In 1840, Queen Victoria of England married her cousin Albert in a white gown of satin and lace. ... This would start the trend toward white wedding gowns. - Business Builders in Fashion, p. 137
 Here is a painting by Franz Xavier Winterhalter of Queen Victoria in her wedding dress, 1842:

Royal Collection, Osborne House, Isle of Wight; RCIN 401413
Here is a fashion plate from several years earlier:

Petit Courrier des Dames, 1837
There really is not a great deal of difference between them.  It was notable that Victoria wore a white wedding gown because (as pointed out by The Dreamstress) royal brides traditionally wore cloth of silver; it was not notable that a woman was wearing a white wedding gown, because white wedding gowns were already fashionable.  They can be found in fashion plates as early as 1829.
Victorian fashion created by Queen Victoria in England ...  - VictorianEraCNR (The latest post on this blog is about corsets and is full of misinformation.  Corsets did not cause mass sterility!)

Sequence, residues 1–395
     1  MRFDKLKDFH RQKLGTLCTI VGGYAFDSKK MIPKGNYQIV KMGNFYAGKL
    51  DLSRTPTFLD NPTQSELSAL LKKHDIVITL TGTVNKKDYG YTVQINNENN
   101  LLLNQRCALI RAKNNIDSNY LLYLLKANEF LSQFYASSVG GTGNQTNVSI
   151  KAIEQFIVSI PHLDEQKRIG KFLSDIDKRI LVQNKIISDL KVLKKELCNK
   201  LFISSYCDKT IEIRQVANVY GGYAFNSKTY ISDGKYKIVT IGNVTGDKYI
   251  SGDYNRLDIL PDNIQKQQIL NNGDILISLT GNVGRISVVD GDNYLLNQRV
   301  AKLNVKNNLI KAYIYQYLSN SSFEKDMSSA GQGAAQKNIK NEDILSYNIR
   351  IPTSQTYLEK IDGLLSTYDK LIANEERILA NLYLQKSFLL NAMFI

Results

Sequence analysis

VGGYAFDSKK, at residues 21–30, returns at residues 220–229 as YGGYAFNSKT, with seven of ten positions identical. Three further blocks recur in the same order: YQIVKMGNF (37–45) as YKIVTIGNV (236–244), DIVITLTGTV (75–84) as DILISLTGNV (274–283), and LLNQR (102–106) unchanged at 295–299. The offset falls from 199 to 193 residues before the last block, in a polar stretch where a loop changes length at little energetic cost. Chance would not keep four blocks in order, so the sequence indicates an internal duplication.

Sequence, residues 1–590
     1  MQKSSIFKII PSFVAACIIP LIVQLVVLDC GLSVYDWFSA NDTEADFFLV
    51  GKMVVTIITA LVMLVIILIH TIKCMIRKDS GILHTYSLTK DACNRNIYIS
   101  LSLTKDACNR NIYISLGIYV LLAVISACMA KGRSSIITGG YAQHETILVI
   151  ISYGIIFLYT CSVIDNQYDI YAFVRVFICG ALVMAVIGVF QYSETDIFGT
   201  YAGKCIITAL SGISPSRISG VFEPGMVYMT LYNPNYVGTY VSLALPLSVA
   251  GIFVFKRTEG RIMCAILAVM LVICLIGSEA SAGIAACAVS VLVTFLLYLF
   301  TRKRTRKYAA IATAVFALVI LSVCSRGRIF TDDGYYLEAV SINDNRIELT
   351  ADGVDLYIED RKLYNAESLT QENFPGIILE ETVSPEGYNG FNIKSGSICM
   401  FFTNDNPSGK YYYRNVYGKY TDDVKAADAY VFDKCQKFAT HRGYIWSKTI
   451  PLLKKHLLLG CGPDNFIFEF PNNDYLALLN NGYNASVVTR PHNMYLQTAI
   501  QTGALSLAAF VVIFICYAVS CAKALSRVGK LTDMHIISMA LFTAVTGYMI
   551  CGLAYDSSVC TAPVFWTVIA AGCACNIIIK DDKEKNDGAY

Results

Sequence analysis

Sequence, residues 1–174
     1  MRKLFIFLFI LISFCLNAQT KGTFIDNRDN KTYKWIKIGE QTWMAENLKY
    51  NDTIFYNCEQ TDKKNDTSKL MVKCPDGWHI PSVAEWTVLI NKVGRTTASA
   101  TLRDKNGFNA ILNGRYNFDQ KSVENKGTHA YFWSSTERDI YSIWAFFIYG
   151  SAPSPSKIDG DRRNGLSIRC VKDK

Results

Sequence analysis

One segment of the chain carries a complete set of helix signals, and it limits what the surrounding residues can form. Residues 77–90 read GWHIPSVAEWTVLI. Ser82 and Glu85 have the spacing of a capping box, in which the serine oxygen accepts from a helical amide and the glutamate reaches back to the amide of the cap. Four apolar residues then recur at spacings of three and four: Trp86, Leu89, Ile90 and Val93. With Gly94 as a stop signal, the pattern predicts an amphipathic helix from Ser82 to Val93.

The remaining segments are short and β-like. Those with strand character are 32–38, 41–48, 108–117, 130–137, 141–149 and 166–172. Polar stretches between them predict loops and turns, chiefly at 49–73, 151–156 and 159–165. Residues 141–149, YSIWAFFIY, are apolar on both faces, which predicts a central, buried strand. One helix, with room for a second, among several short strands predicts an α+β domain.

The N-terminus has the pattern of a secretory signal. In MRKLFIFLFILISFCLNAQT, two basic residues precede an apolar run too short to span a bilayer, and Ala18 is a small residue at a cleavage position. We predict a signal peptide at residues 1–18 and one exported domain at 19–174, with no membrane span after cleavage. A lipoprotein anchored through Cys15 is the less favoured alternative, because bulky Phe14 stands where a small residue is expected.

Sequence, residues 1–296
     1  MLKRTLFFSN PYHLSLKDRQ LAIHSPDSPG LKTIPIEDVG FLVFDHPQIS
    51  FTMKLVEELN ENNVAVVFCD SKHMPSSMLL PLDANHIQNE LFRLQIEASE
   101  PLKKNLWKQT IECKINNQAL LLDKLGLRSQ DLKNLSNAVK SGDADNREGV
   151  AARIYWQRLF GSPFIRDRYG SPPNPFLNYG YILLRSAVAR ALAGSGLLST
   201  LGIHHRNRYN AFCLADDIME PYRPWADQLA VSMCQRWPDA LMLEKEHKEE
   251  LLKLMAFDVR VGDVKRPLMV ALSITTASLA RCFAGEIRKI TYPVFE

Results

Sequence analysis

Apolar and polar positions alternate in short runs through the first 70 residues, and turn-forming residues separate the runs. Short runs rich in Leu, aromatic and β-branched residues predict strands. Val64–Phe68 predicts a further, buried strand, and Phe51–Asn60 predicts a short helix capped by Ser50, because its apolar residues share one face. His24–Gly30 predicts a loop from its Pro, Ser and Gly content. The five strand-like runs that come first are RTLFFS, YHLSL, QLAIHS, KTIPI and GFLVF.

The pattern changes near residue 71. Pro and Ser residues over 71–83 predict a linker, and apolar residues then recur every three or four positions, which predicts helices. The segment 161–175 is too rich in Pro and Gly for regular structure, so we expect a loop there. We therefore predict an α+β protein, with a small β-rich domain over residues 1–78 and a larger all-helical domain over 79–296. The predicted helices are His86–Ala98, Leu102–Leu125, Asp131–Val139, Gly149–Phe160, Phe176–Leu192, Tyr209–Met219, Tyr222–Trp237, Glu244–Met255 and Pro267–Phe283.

Americans, long apt to follow the fashion lead of England’s Queen Victoria ... - The Rise to Fashion of the Paisley Shawl
Wealthy women of the time followed Victoria's lead in dress and leisure pursuits. ... Queen Victoria enjoyed a long reign, spanning 64 years. Her fashion influence gradually changed over time, so the end of the era differed markedly from the beginning. - Victorian Fashion History
Queen Victoria was the trendsetter for fashion and jewelry for women ... as always, British women followed her fashion lead. - Fine Victorian Jewelry